05 Oct How Do You Find The Right Target Market For Your Startup
From an article by writer Dianna Labrien:
“The better you understand your customers, the faster your business will grow. Yet, new companies often struggle to determine their initial target market, by either shrinking it to the size of zero profits or broadening it to an unreachable scale. By asking the following 6 questions you should be able to determine the ultimate target market for your venture.
- Who will buy my products or services?
- Am I making assumptions based on personal knowledge and experience?
- How did my competitors get started?
- How will I find my customers?
- What is my revenue model?
- Is there space to expand my targeted market?”
For more about each of these questions check out the complete source article.
Here’s some thoughts that I’ve cobbled together in my startup travels:
To have any hope of startup success, your solution must address one, or better yet several, huge problems that your customers have.
Customers that are “oblivious” to the problem you are addressing or aren’t currently actively searching for a solution) are not the right customers to initially target.
The customer segment you should initially target must be highly “motivated” to solve the problem now, (these are your “early adopters”), people who have been actively looking for a solution, may have pieced something together as a temporary solution and most importantly, have a budget to buy and implement something.
And to “win” the sale, your solution must have one or more elements that the customer finds not only valuable, but indispensable; elements that aren’t available elsewhere. In other words, your solution must have “unique value propositions” (UVPs) that offset the risk of going with someone and something new.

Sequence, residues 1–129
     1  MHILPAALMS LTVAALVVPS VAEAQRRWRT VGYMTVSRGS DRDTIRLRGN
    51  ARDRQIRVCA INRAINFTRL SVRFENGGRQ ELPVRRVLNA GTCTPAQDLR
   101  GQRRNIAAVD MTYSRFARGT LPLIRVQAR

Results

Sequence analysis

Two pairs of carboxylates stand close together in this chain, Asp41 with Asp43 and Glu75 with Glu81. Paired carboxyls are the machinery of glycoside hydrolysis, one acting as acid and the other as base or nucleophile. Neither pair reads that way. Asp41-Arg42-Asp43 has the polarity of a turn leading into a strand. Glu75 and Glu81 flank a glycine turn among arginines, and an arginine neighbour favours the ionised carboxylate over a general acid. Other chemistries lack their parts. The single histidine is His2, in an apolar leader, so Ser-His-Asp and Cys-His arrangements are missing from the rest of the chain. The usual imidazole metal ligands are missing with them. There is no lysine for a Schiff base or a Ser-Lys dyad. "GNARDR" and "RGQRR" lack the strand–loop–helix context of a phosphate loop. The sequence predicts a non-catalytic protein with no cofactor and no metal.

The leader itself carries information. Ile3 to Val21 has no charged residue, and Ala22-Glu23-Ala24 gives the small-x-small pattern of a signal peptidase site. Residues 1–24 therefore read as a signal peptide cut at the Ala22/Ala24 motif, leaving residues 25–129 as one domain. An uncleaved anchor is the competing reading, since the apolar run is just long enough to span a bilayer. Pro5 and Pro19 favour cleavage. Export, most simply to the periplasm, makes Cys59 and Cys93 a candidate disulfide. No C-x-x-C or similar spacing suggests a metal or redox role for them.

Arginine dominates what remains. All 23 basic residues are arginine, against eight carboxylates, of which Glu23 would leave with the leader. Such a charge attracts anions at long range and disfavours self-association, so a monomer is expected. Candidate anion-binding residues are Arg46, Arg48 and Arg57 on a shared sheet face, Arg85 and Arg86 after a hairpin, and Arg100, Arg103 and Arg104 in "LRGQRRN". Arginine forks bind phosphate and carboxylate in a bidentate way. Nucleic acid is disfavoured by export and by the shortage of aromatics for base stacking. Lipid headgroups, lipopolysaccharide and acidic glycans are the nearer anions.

To do this, you’re going to have to find and talk to about 20-30 potential customers. And we’re not talking broad demographic groups. You need to get specific. I’m talking laser-focused.
If you’re doing it right, you should discover that you’re getting similar answers to these questions:
- What problem hurts really bad
- Why is it a problem; what goal(s) is it interfering with
- What is your experience when the problem arises
- How do you currently deal with the problem
If what you’re hearing isn’t very similar after a reasonable number of customer interviews, then you should use what you learned from the first round to start over with better targeting. In fact, you’ll probably need to do this at least once.
Learning how to hunt down and engage your target customer is part of customer development. If you can’t find your customers or convince them to talk to you now, how will you eventually sell to them?
When you’ve found a “significantly large” market segment that is suffering from the problem(s) you are addressing (or who have such an insatiable desire for what you are offering) that they are willing to write you a check right away and become an early adopter, (like the people who buy on Kickstarter or IndieGoGo do), then you’re onto something.